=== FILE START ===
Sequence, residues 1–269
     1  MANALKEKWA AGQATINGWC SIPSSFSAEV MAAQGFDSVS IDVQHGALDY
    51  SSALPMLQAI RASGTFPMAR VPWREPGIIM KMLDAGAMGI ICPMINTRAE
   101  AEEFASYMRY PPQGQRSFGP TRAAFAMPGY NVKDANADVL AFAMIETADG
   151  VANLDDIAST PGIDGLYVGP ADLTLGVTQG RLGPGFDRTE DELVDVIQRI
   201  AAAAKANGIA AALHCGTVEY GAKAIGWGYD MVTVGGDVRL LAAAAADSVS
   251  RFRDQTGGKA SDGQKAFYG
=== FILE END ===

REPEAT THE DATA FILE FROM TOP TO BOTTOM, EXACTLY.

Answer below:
Sequence, residues 1–269
     1  MANALKEKWA AGQATINGWC SIPSSFSAEV MAAQGFDSVS IDVQHGALDY
    51  SSALPMLQAI RASGTFPMAR VPWREPGIIM KMLDAGAMGI ICPMINTRAE
   101  AEEFASYMRY PPQGQRSFGP TRAAFAMPGY NVKDANADVL AFAMIETADG
   151  VANLDDIAST PGIDGLYVGP ADLTLGVTQG RLGPGFDRTE DELVDVIQRI
   201  AAAAKANGIA AALHCGTVEY GAKAIGWGYD MVTVGGDVRL LAAAAADSVS
   251  RFRDQTGGKA SDGQKAFYG